Elsewhere by Stefaan De Croock

Belgian artist Stefaan De Croock (aka Strook) created these beautiful mural made with old furniture and doors, titled 'Elsewhere'.

Strook retain each material's original state. He doesn't repaint the salvaged doors and wooden materials that he finds.

"I always keep an eye open for wood. The ‘harvesting’ is almost as important as the making of the artwork. Sometimes I see doors or wooden planks on a construction site and if they look interesting, I ask the construction workers if they still need it. If they don’t need them anymore, I come back with my van. I'll also search in deserted factories or houses just before they're going to be destroyed. Sometimes people send me a message or tell me where I can find some old floors or doors. I just look everywhere."

"It always starts with a drawing of a face. It’s really interesting to make a face with the discarded wood. It gets a new life and a new story."

"Every recycled sculpture or mural has it own story. In this case, the wall on which I constructed the installation was also an inspiration. You can see the relics of an old roof and house on the wall, so in the past there was a house next to the furniture factory. The melancholic, fragile pose of the figure symbolizes a person in the comfort of his home, where he is truly himself. A person who reflects… It's really difficult to explain this in English :-)"

"Wood & Paint is a kind of conversation between different materials, a contrast and a similarity at the same time. That’s what it’s all about; we are all so different and yet so identical. It’s a contrast but at the the same time a similarity. The two parts of this piece are a bit the same, but the making is completely different. It took a lot longer to construct the wooden part because I had to search for the right wood and textures. The wood comes from one big abandoned factory and, like in Elsewhere, I didn’t add any paint to the found wood."

"The whole process of making a recycled artwork is really interesting—the search for wood, cutting, and making the pieces; placing and building it. I really like to work with the old patina of discarded wood. It’s like a footprint of time. Every piece has it own story and comes together in a new composition and forms a new story."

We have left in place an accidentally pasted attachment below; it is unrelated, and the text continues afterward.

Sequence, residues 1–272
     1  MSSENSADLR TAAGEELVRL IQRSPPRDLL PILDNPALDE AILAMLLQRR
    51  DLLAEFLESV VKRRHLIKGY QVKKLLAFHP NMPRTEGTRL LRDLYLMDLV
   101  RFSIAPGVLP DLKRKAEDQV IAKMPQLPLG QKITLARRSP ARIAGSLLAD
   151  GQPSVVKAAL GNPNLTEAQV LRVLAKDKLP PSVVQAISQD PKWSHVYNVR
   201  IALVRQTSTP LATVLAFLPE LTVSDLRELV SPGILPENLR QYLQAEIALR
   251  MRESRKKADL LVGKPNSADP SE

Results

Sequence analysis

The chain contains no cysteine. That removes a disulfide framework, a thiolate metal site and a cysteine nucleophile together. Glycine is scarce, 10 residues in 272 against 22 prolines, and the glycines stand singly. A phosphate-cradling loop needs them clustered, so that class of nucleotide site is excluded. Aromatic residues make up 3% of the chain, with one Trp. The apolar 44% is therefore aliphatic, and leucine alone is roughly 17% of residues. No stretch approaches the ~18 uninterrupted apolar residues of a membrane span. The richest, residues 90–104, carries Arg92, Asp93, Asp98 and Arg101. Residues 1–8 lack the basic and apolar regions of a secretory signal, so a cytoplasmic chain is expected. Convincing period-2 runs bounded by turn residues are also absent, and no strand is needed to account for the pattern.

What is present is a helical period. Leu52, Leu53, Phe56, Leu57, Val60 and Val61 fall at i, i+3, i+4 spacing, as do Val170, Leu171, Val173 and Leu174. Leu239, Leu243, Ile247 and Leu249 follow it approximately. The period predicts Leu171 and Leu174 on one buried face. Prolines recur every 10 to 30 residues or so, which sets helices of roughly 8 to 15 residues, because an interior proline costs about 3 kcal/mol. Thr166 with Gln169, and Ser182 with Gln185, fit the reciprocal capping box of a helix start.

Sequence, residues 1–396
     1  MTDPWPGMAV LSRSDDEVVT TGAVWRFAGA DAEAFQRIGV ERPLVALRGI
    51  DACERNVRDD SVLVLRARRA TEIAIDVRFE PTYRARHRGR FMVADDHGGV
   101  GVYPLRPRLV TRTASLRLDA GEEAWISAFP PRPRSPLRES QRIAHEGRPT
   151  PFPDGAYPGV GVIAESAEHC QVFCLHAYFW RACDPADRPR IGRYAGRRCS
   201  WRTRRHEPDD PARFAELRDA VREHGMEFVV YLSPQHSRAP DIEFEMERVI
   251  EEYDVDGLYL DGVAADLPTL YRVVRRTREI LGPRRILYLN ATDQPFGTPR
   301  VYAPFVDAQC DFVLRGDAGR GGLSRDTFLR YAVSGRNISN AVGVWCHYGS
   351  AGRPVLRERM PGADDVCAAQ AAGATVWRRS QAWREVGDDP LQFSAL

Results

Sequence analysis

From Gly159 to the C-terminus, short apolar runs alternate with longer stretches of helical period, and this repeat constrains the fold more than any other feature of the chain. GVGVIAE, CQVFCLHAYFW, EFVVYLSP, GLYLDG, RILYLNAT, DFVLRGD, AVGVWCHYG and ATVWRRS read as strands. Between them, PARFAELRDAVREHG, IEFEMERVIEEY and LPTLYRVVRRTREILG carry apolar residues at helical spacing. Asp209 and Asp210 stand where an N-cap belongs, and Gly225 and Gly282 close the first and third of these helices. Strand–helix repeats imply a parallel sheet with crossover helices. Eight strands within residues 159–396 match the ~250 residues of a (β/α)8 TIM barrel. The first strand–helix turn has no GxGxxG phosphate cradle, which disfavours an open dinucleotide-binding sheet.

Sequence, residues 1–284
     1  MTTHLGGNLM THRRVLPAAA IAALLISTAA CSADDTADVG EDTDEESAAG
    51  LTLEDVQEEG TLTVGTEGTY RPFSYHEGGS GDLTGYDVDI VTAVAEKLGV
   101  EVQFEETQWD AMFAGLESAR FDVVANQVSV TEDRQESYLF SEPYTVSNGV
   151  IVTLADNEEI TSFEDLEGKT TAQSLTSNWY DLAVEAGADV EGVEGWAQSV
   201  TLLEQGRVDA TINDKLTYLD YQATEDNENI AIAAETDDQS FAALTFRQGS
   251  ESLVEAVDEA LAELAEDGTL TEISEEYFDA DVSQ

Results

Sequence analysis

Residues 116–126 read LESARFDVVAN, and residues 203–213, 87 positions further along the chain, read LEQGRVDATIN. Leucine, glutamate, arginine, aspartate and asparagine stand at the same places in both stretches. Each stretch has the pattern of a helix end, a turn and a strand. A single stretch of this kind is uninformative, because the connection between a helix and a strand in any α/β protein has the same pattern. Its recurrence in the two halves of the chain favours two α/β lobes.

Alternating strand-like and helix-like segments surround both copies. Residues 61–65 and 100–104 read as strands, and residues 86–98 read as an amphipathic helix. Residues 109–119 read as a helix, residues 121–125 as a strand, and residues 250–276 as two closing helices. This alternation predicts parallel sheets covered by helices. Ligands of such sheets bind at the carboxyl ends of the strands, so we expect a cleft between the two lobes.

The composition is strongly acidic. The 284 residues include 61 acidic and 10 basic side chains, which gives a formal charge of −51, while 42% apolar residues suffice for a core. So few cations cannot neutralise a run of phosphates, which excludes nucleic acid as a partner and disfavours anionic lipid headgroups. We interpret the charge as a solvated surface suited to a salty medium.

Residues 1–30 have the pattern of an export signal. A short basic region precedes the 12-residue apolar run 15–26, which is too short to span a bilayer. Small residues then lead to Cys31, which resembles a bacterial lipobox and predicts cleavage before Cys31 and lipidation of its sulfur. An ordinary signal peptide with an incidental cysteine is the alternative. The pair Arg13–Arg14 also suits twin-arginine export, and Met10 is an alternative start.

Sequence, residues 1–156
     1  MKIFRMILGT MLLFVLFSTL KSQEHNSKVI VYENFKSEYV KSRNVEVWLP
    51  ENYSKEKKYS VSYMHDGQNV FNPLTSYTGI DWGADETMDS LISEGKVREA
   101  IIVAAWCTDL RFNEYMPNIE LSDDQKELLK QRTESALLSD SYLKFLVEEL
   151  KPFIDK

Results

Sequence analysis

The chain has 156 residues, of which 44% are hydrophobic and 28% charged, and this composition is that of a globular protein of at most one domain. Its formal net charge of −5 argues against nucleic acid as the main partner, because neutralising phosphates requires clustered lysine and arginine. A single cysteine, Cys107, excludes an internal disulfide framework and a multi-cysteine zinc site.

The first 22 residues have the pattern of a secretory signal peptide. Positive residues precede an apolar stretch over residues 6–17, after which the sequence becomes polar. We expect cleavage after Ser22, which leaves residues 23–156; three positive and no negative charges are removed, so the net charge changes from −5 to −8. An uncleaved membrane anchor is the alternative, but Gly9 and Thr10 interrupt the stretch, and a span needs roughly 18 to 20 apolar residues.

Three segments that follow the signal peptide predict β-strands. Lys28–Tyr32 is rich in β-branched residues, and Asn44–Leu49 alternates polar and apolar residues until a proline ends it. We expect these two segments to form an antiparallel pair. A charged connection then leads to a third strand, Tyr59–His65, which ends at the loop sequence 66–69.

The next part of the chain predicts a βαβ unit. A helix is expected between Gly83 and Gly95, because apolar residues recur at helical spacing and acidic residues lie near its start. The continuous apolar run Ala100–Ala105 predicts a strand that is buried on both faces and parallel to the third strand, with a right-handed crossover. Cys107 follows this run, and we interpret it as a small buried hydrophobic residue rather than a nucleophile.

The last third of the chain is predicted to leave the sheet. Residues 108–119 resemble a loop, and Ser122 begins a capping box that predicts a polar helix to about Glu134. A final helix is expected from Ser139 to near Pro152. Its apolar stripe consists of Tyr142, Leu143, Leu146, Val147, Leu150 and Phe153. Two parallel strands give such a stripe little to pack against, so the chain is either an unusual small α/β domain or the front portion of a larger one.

Check his website: http://www.strook.eu/

Source: mymodernmet

Bizarre Shoes by Kermit Tesoro

Filipino designer Kermit Tesoro designed these bizarre heel-less high platform shoes.

"I'm always torn between several disciplines. My design sensibility is always inclined beyond my references, so I guess it's fun to be curious."

“I want to translate people’s deviations into my own creations. It’s like a fashion interpretation of the biological or psychological deviation of a person. I’ve always been driven to create clothing articles based on inner conflicts or the inability to control one’s inner impulses or failure to structure one’s behavior in an orderly way.”

Check his instagram

#ComboPhotos by Stephen McMennamy

Creative art director Stephen McMennamy created #ComboPhotos, a series of surreal photos that upon first glance, the images may look like photo-manipulations created using Photoshop.

They’re actually the result of two photographs with simple backgrounds that creatively arranged side-by-side to create imaginative new scenes.

“It’s really just from looking around and seeing what things are out in the world might make for an interesting fit or what would make for a nice contrast once combined. As far as process, it’s just a matter of me hunting things down and aiming for the cleanest shot possible.”

"Wherever I need to get my shot I go get it.”

Check his website: http://www.stephenmc.com/ and instagram

Lost In Infinity Split by Alex Markow

South Florida based freelance photographer Alex Markow and artist Magnus Sodamin collaborate in this amazing project called 'Lost In Infinity Split' where body painted women, covered in fluorescent paint, blend with the environment under the black lights.

Magnus Sodamin’s 'Infinity Split' is an explosive installation of floor-to-ceiling tableaus occupying more than 3000 square-feet of gallery walls. Where Sodamin’s application generously invades all surfaces of Primary Projects's space, he poetically captures the fluidity of paint, suggesting to the viewer that “forever is what we make of it.”

"Magnus Sodamin’s Infinity Split might be compared to an acid trip. With the building of Primary Projects in Miami being knocked down for development it was the perfect opportunity for Magnus Sodamin to take over the space. As a photographer I knew I had to take advantage of the space while it lasted."

Below are some shots of “Infinity Split” by Magnus Sodamin at Primary Projects in Miami.

Check his website: http://www.alexmarkow.com/

Terracotta Sculptures by Paola Grizi

Italian artist Paola Grizi created these beautiful terracotta sculptures.

"Sometimes the faces emerge from the material are as epiphanies of the consciousness." 

"After graduating from high school in classical studies and earning a degree in literature, I worked for a long time in the journalistic and editorial fields until my [son's] arrival. That’s when I was 'induced' to quit my job. Such misadventure happened to be a possibility for change. I chose an activity – perhaps less safe yet, extremely creative and satisfying for myself."

Check her website: http://www.paolagrizi.com/

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